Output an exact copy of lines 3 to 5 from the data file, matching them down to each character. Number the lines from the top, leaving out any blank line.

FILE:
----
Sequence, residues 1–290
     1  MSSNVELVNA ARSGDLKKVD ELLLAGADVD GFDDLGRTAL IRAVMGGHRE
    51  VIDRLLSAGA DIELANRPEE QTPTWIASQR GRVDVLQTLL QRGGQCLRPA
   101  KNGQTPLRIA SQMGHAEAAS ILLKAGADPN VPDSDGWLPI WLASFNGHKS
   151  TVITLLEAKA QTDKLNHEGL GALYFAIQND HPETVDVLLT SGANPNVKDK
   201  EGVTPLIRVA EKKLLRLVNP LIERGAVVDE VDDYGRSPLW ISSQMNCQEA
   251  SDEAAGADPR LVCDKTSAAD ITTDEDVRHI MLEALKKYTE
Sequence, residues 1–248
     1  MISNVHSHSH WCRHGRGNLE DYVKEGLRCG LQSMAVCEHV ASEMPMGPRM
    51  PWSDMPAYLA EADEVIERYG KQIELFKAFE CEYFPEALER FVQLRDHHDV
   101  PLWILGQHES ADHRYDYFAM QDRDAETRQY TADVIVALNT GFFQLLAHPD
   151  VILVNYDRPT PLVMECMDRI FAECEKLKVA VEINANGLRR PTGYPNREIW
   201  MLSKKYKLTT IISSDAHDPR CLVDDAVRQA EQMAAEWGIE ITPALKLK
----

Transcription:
    51  VIDRLLSAGA DIELANRPEE QTPTWIASQR GRVDVLQTLL QRGGQCLRPA
   101  KNGQTPLRIA SQMGHAEAAS ILLKAGADPN VPDSDGWLPI WLASFNGHKS
   151  TVITLLEAKA QTDKLNHEGL GALYFAIQND HPETVDVLLT SGANPNVKDK